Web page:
Feeds

Home Office preps fudgetastic ISP data rules

Cash-strapped Whitehall gives small ISPs free pass

Boost IT visibility and business value

A Home Office official has baffled ISPs by telling them new laws will on paper require them all to retain data, but in practice some probably won't be forced to because it could cost the government too much money.

The confusing policy was detailed at the Government and Industry Forum on Technology and Law Enforcement in London on Wednesday. The annual event is closed to the media and public, but El Reg spoke to an attendee who described the presentation on the forthcoming implementation of the EU Data Retention Directive* (EUDRD) as "rambling" and "incoherent".

The government is obliged to transpose the EUDRD in UK by mid-March next year. It says that all ISPs must store data on who communicated with whom and when for up to two years. The government is committed to reimbursing ISPs for the cost of compliance with the directive, as it already does for similar data held by telecoms companies and some volunteer major ISPs to the tune of £8.3m.

The larger broadband providers typically already store the data covered by the EUDRD for billing purposes. Their extra costs will derive from servicing law enforcement requests for access. The problem, the Home Office official revealed last week, is that paying for small ISPs - who often have less sophisticated records systems by default or by design - to retain data and service law enforcement isn't seen in Whitehall as a worthwhile investment.

"But won't the law say we have to retain this data?", his audience asked. "Oh yes", our insider paraphrased the official, "but you won't have to really because we don't want to pay for it".

It's left some in the internet industry wondering if the Home Office knows what it's doing, and worrying about their potential legal exposure.

The Home Office told El Reg in a statement that there are several approaches to funding data retention under discussion as part of the ongoing consultation. "As the consultation paper and ALL subsequent discussions have made clear, it is not the government's intention to disadvantage financially any CSPs," it said.

And apparently, it is not the government's intention to have all ISPs comply with the directive either. Happily for those with too few customers to justify spending, according to the Home Office consultation paper, "the Directive makes no provisions for imposing sanctions on those public communications providers who do not comply with the requirements".

One potential way around the confusion is offered by the consultation paper: "A range of options are available which seek to capture the data required from different parts of the industry, attempting to minimise duplication whilst ensuring full coverage of communications data." So by having BT Wholesale collect the data rather than dozens of ADSL resellers, the government could save itself millions. But our source said clarity on such plans was completely absent last week.

The EUDRD consultation closes 31 October. ®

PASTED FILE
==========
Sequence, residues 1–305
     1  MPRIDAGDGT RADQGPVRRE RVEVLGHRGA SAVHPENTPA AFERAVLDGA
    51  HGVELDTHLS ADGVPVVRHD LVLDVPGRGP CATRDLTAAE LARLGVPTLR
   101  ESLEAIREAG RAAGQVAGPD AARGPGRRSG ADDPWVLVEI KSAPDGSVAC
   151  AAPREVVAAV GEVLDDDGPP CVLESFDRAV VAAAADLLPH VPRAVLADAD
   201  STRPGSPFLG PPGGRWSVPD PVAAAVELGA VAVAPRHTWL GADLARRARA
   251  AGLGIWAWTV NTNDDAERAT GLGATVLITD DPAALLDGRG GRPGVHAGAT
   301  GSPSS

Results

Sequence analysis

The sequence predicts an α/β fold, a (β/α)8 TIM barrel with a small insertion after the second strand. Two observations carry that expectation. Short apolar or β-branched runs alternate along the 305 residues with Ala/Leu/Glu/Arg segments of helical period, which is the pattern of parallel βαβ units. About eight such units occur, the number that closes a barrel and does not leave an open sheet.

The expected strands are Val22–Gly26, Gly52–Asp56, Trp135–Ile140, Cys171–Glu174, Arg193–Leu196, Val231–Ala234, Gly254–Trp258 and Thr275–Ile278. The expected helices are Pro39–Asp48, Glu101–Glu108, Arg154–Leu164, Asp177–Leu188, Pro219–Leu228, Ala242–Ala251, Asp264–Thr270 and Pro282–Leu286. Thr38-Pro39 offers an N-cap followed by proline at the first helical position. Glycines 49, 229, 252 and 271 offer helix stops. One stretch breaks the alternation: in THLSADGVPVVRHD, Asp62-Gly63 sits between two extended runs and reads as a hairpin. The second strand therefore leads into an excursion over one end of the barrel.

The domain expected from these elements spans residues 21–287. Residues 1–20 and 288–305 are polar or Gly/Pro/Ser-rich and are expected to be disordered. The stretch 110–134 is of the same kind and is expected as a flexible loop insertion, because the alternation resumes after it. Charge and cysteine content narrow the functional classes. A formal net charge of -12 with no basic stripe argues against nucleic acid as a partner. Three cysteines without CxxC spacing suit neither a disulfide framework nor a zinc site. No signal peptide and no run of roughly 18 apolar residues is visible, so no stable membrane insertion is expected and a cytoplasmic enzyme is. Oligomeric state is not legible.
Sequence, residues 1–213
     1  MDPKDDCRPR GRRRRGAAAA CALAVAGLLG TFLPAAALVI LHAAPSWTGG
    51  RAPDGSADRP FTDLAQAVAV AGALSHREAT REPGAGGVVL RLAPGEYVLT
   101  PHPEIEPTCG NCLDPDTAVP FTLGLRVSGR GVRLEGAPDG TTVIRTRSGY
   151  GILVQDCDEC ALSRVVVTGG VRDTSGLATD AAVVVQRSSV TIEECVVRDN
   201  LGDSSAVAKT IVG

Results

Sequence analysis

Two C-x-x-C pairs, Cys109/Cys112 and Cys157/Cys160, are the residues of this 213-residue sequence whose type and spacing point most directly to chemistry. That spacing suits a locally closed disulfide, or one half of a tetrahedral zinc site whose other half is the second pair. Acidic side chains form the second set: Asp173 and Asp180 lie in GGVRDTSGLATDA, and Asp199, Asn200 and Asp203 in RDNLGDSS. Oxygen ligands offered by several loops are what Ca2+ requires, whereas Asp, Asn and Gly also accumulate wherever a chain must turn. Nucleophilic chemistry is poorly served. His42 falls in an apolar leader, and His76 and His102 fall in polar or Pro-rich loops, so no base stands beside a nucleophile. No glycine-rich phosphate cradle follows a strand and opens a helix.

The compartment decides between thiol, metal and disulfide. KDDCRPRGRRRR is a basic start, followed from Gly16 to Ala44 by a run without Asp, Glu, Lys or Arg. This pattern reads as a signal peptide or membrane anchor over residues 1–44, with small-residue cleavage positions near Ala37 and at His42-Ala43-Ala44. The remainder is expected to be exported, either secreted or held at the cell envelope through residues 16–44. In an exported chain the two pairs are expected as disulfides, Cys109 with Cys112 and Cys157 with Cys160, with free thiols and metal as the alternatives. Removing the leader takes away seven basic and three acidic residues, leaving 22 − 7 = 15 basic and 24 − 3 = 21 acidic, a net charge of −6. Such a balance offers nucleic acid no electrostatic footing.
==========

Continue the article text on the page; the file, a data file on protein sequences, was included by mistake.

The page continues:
*The EUDRD had originally been scheduled for transposition as part of the forthcoming Communications Data Bill, but was spun out in order to meet the March deadline. The £12bn Interception Modernisation Programme forms part of the Communication Data Bill, which we wrote about here, here and here. It would pool all the data held by communications firms centrally.

Build a business case: developing custom apps

More from The Register

next story
Hello, police, El Reg here. Are we a bunch of terrorists now?
Do Brits risk arrest for watching beheading video nasty? We asked the fuzz
Snowden on NSA's MonsterMind TERROR: It may trigger cyberwar
Plus: Syria's internet going down? That was a US cock-up
UK government accused of hiding TRUTH about Universal Credit fiasco
'Reset rating keeps secrets on one-dole-to-rule-them-all plan', say MPs
Caught red-handed: UK cops, PCSOs, specials behaving badly… on social media
No Mr Fuzz, don't ask a crime victim to be your pal on Facebook
Felony charges? Harsh! Alleged Anon hackers plead guilty to misdemeanours
US judge questions harsh sentence sought by prosecutors
e-Borders fiasco: Brits stung for £224m after US IT giant sues UK govt
Defeat to Raytheon branded 'catastrophic result'
Yes, but what are your plans if a DRAGON attacks?
Local UK gov outs most ridiculous FoI requests...
EU justice chief blasts Google on 'right to be forgotten'
Don't pretend it's a freedom of speech issue – interim commish
Munich considers dumping Linux for ... GULP ... Windows!
Give a penguinista a hug, the Outlook's not good for open source's poster child
This'll end well: US govt says car-to-car jibber-jabber will SAVE lives
Department of Transportation starts cogs turning for another wireless comms standard
prev story

Whitepapers

Implementing global e-invoicing with guaranteed legal certainty
Explaining the role local tax compliance plays in successful supply chain management and e-business and how leading global brands are addressing this.
Top 10 endpoint backup mistakes
Avoid the ten endpoint backup mistakes to ensure that your critical corporate data is protected and end user productivity is improved.
Top 8 considerations to enable and simplify mobility
In this whitepaper learn how to successfully add mobile capabilities simply and cost effectively.
Rethinking backup and recovery in the modern data center
Combining intelligence, operational analytics, and automation to enable efficient, data-driven IT organizations using the HP ABR approach.
Reg Reader Research: SaaS based Email and Office Productivity Tools
Read this Reg reader report which provides advice and guidance for SMBs towards the use of SaaS based email and Office productivity tools.